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Can you handle the truth about agriculture?
the garden path

Can you handle the truth about agriculture?

by Faye Peterson 3 min. 14.05.2021
An art exhibition that shows the hell that modern agriculture is – but also a few rays of light
The Gambella national park in Ethiopia is being redeveloped to grow sugar cane, palm oil and other crops. The park is the site of one of the largest mammal migrations in the world, that of the white-eared kob.
The Gambella national park in Ethiopia is being redeveloped to grow sugar cane, palm oil and other crops. The park is the site of one of the largest mammal migrations in the world, that of the white-eared kob.
Photo credit: © Uwe H. Martin & Frauke Huber

Who owns the earth that provides our food? Who controls what crops we grow and who consumes them? These are the big questions “slow journalists” Frauke Huber and Uwe H. Martin pose at the LandRush art exhibition. As a visitor, you may search for the answers yourself through a set of installations. But a word of warning, you may not like what you find... 

The show is situated inside a former industrial pump house in Dudelange. From the moment you step in, ground level TV sets and huge cinema-worthy screens compete for your attention, pumping out the duo's work on a continuous loop. The combination of photography and documentary draws you into a web of personal and professional stories, mimicking the cacophony of news coverage.

The exhibition is split into three chapters: White Gold, LandRush and Dry West. Each shows the social and environmental effects of agriculture from Germany to Brazil, India to Africa, the USA and beyond. Considering themselves “art activists”, Huber and Martin come up with some ugly truths. Although they acknowledge the benefits of large scale agriculture, for instance by bringing more wealth to poor areas, the viewer is left to wonder: at what cost?

“Over-exploitation of the soil and rapidly intensifying global temperatures [mean] desertification is one of the greatest threats to life on earth,” a leaflet says. “Every minute of every day 23 hectares of arable land are lost to growing deserts, while 23% of the global land surface has reduced productivity due to land degradation.” It is a bitter pill to swallow. For, in acknowledging these facts, we confess to being implicit in their design. Whether you buy clothes, shop for food, drink water or even just live on a piece of land: you are already more entangled in the web of global agriculture than is comfortable to admit.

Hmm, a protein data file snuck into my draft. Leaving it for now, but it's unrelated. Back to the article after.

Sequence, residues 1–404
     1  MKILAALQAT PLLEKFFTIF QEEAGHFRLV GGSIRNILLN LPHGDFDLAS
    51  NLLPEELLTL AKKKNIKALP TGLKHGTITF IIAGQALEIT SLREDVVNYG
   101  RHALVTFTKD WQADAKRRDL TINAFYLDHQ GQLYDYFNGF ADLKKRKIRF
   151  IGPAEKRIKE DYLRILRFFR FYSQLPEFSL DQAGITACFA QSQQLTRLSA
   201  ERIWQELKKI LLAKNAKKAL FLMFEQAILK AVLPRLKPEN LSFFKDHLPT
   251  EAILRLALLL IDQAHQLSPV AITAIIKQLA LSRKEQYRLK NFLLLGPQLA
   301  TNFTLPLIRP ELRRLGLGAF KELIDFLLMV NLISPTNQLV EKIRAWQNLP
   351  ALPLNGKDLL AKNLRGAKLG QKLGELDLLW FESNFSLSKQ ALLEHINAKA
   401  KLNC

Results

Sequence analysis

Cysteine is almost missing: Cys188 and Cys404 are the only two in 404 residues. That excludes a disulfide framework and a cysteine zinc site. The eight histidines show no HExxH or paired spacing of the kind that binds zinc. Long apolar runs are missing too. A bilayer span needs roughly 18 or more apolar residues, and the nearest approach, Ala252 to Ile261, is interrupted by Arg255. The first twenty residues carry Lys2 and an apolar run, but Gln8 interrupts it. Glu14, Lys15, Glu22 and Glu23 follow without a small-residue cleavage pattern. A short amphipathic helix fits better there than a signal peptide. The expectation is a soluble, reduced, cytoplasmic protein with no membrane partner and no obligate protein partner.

During the high cotton season, workers at a Yavatmal ginning work in India toil day and night in two shifts.
During the high cotton season, workers at a Yavatmal ginning work in India toil day and night in two shifts.
Uwe H. Martin & Frauke Huber

But it’s not all doom and gloom - honest. The exhibition also offers slim but hopeful visions of a better future. Voices of activists, such as the ‘Gandhi of grain’, Vandana Shiva, are given a platform, championing traditional farming practices and maintaining farmers’ seed sovereignty in India and beyond. Also, alternative methods such as organic cotton farming and the use of natural pesticides, like neem, are brought to the fore.

Participants are free to wander at will around the exhibition, plugging in and out of audiovisual devices using a headset. You decide how to interact: sitting and listening, reading the subtitles on screen or just observing the harrowing beauty of the images rotating in the room. Personally, I would have liked Huber and Martin to have given the opportunity for participants to record their own impressions. It would have given us consumers a chance to add our voice and another dimension to the duo’s research.

Two men managing to catch some fish in the Aral Sea. Once the world's fourth-largest lake, it is now largely a desert and the United Nations has dubbed it the worst man-made environmental disaster.
Two men managing to catch some fish in the Aral Sea. Once the world's fourth-largest lake, it is now largely a desert and the United Nations has dubbed it the worst man-made environmental disaster.
Uwe H. Martin & Frauke Huber

The real power of the exhibition lies in its ability to encourage the observer to draw their own conclusions. The exhibit places emphasis on quality and context, not the sensationalist reporting that characterises much of today’s media. While there is no graphic material to speak of on display - no animal carcasses, no burning rainforests, no dead fish piled high in the desert sands left behind by the evaporated Aral sea – the seemingly unstoppable stream of testimonies hits equally hard, maybe harder. Is it subtle? Not really. Is it powerful? Absolutely.

The exhibition does not purport to offer neat answers to complex problems. Rather, it poses questions about the colonisation of indigenous peoples’ lands, the modern slave trade, climate change, water rights and the corporatisation of farming - to name just a handful. Landrush is worth seeing, but if you are looking for an easy exhibition, designed to wander around quickly and emerge from with a smile on your face, then it is not for you.

LandRush is part of the European Month of Photography. It can be seen in the Centre National de l’Audiovisuel (CAN) in Dudelange until 29 August and is open from Wednesday to Sunday between 1200-1800 hrs. Reservations are advised over the weekend because of coronavirus restrictions. Free entry.


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